Uber launches traffic data website
Uber is a surprising and enterprising company. In the middle of the furore surrounding the non-renewal of its operating licence in London, the company has announced the launch of Uber Movement, a website that will help urban planners do their jobs a whole lot better.
That’s because planning can only be spot-on when information and data is readily available – and that’s precisely what Uber Movement provides.
Available free of charge (users just log in using their Uber-registered email address), Uber Movement gathers its data from the billions of trips that riders have taken with Uber, aggregated into zones covering the standard boundaries used by urban planners.
This will enable planners to evaluate where investments in transportation infrastructure should be made in their cities. Better planning should translate into better infrastructure (fingers crossed!)
All three major cities in Gauteng (Johannesburg, Ekurhuleni and Tshwane) are part of Uber Movement and data pertaining to these cities is now available.
While the website is primarily aimed at urban planners, it is useful to the man (or woman) in the street, too. Want to know how long it will take to get from point A in Johannesburg to point B in Tshwane, on a certain day of the week, at a certain time of the day? Uber Movement will give an extremely realistic travel time projection.
Speaking at the launch of Uber Movement, Yolisa Kani, head of public policy at Uber South Africa, said that data pertaining to travel time is as valuable as crude oil.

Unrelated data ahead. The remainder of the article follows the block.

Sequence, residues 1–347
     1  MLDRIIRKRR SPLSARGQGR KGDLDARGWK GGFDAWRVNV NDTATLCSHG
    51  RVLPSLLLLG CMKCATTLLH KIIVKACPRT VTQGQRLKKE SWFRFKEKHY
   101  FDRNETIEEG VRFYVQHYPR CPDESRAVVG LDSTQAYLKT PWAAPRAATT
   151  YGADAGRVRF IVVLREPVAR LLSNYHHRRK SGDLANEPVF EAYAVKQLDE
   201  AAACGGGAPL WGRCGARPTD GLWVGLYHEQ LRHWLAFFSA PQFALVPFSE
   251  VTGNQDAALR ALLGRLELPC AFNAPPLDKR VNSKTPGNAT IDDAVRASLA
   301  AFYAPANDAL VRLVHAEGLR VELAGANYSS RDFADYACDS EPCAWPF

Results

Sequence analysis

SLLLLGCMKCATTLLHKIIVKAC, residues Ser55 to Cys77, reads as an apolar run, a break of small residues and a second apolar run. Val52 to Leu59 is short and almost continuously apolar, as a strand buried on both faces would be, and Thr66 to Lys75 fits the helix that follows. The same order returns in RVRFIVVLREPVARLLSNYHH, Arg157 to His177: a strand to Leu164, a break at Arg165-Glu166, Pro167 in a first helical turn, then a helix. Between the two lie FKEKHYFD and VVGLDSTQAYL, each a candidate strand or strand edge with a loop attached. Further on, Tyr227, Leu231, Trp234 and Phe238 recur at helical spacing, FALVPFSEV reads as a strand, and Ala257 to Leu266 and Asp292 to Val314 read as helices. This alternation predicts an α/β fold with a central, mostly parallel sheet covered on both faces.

“Uber Movement is the next step to connecting further with our cities and having the opportunity to recognise their great transportation needs. With Uber Movement, we can further our mission of creating reliable transportation everywhere, for everyone,” she pointed out.
Uber Movement has the support of the Council for Scientific and Industrial Research (CSIR). “Transport planning is a data-intensive undertaking, and the required datasets tend to be expensive to collect and process,” said the CSIR’s Mathetha Mokonyama, at the official launch.
“Having a platform that serves as a full-day transport network sensor would certainly help with the monitoring of some of the pertinent network indicators,” he added.
Over time, Uber will be adding more information – for example, automatically detecting potholes and telematics data. The former feature could, of course, contribute to road safety – which is something we would all welcome.
Want to know more? You can watch a video here.